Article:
6. The method of claim 5, wherein:
said enqueuing a flow queue within a first class queue comprises writing to an electronic storage area associated with the first class queue a reference to the storage location of the flow queue.
7. A method of migrating a heterogeneous flow of data among multiple class queues, the method comprising:
enqueuing a flow queue within a first class queue associated with a first class of service assigned to a first packet in the flow queue, wherein the flow queue comprises multiple packets having multiple classes of service;
dequeuinq the first packet from the flow queue; and
after the first packet is scheduled, enqueuing the flow queue within a second class queue associated with a class of service assigned to a second packet in the flow queue, without regard to classes of service assigned to other packets in the flow queue;
wherein:
the second class of service of the second packet matches the first class of service of the first packet;
the second class queue comprises the first class queue; and
said enqueuinq the flow queue within a second class queue comprises re-queuing the flow queue within the first class queue.
8. The method of claim 7, wherein:
the flow queue comprises multiple packets having multiple different classes of service; and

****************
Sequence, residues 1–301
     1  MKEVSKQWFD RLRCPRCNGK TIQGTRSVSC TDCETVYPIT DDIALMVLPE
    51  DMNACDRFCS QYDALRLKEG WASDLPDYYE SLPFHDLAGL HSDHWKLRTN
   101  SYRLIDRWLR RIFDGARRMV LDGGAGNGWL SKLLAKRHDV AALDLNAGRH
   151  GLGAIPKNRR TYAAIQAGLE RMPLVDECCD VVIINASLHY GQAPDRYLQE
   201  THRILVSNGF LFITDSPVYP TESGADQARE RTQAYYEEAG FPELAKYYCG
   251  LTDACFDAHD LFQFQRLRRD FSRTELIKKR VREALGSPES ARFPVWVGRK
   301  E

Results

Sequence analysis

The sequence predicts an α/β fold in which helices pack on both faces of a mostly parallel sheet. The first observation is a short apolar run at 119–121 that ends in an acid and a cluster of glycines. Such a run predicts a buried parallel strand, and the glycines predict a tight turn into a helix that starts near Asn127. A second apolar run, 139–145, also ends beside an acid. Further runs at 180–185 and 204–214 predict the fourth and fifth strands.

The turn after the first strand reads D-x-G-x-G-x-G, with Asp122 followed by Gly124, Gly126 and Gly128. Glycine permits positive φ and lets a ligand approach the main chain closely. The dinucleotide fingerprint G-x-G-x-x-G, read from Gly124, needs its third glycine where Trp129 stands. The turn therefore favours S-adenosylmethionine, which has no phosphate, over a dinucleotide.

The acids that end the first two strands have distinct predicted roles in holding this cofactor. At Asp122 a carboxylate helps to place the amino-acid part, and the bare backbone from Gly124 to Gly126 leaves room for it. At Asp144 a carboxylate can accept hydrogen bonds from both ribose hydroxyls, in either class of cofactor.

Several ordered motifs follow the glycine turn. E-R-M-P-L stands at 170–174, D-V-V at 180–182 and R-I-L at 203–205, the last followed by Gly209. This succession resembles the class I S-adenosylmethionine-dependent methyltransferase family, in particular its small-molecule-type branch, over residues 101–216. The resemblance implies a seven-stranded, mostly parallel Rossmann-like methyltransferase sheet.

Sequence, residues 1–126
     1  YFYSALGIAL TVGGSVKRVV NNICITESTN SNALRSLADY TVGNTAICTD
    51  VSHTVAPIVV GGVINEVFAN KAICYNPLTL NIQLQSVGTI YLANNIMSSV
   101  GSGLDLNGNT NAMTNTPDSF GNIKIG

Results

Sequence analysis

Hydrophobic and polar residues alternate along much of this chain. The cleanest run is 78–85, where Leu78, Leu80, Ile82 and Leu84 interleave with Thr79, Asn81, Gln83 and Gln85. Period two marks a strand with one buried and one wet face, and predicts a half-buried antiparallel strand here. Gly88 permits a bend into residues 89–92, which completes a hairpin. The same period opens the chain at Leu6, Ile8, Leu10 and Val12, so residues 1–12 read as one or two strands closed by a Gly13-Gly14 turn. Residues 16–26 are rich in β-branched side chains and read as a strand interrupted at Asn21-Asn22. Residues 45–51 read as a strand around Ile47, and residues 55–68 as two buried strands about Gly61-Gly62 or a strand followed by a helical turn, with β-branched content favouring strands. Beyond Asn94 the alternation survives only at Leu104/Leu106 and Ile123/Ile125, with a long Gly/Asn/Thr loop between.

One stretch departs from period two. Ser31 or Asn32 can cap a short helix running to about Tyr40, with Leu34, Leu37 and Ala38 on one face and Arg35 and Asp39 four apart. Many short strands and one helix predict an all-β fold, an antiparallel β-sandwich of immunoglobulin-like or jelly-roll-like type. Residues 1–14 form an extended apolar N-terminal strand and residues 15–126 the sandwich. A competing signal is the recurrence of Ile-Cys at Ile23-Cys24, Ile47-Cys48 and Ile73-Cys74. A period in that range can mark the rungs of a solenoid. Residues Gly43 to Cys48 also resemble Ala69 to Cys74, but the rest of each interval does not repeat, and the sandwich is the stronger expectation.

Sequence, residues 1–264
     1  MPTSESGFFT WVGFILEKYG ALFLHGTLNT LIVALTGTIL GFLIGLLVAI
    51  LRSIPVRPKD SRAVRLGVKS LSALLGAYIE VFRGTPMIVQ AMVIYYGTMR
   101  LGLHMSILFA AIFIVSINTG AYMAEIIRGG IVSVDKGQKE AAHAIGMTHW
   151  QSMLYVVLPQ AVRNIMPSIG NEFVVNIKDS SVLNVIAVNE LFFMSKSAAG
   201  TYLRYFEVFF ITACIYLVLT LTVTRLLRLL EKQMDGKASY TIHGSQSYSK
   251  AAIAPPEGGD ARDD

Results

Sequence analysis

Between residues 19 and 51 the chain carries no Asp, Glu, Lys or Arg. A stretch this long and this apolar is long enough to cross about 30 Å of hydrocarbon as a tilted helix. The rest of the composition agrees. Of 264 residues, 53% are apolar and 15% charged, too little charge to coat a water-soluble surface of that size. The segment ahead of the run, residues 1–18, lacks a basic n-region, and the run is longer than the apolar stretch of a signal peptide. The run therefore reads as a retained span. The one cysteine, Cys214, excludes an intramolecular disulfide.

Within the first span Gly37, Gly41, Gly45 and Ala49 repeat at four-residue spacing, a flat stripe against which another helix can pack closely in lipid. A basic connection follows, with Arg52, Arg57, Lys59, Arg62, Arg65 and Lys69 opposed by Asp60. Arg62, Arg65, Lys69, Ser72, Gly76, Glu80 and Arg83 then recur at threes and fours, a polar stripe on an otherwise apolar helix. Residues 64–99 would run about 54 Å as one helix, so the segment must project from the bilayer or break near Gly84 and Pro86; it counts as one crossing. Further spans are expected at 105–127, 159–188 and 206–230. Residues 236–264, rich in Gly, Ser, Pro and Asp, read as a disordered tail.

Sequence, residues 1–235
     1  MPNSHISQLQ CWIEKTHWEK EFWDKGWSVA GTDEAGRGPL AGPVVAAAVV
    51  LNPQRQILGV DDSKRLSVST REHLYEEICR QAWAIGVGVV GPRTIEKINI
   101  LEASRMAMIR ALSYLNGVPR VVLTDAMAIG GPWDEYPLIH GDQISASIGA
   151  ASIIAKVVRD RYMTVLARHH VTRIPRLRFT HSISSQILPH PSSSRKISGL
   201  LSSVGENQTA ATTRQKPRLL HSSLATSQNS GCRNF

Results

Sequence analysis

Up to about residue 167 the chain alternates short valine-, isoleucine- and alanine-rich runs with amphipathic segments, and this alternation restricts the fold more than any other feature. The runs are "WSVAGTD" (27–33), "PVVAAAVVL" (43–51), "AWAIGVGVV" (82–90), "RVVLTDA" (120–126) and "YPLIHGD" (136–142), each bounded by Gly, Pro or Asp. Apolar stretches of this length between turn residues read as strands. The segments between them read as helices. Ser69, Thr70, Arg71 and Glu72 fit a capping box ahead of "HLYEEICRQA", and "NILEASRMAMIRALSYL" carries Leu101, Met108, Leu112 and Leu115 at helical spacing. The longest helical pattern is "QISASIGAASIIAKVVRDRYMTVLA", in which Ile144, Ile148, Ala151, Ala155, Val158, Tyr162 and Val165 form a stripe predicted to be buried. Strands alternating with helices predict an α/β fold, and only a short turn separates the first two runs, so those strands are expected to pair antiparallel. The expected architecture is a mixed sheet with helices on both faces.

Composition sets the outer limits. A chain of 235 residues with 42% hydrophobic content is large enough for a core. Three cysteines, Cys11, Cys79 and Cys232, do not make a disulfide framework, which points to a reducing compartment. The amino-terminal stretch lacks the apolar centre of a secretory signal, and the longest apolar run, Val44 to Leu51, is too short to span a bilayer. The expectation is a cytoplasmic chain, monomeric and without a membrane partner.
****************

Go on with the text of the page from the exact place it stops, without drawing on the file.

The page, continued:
the first class queue comprises multiple other flow queues also comprising multiple packets having multiple different classes of service.
9. A non-transitory computer-readable medium storing instructions that, when executed by a computer, cause the computer to perform a method of servicing packets according to a class-based scheduler, the method comprising:
dequeuing a flow queue from a first class queue corresponding to a first class of service of a first packet of the flow queue, wherein the flow queue comprises multiple packets having multiple classes of service;
dequeuing the first packet from the flow queue;
servicing the first packet;
classifying a second packet at a head of the flow queue to identify a second class of service; and
enqueuing the flow queue in a second class queue corresponding to the second class of service, based solely on the second class of service;
wherein:
the second class of service of the second packet matches the first class of service of the first packet;
the second class queue comprises the first class queue; and
said enqueuinq the flow queue within a second class queue comprises re-queuing the flow queue within the first class queue.
10. The computer-readable medium storing instructions of claim 9, wherein:
the flow queue comprises references to packets.
11. The computer-readable medium storing instructions of claim 10, wherein:
each of the first class queue and the second class queue is configured to comprise references to flow queues.
12. The computer-readable medium storing instructions of claim 9, wherein the method further comprises:
receiving a new packet; and
enqueuing the new packet within the flow queue.
13. The computer-readable medium storing instructions of claim 9, wherein the method further comprises:
storing a storage location of the flow queue.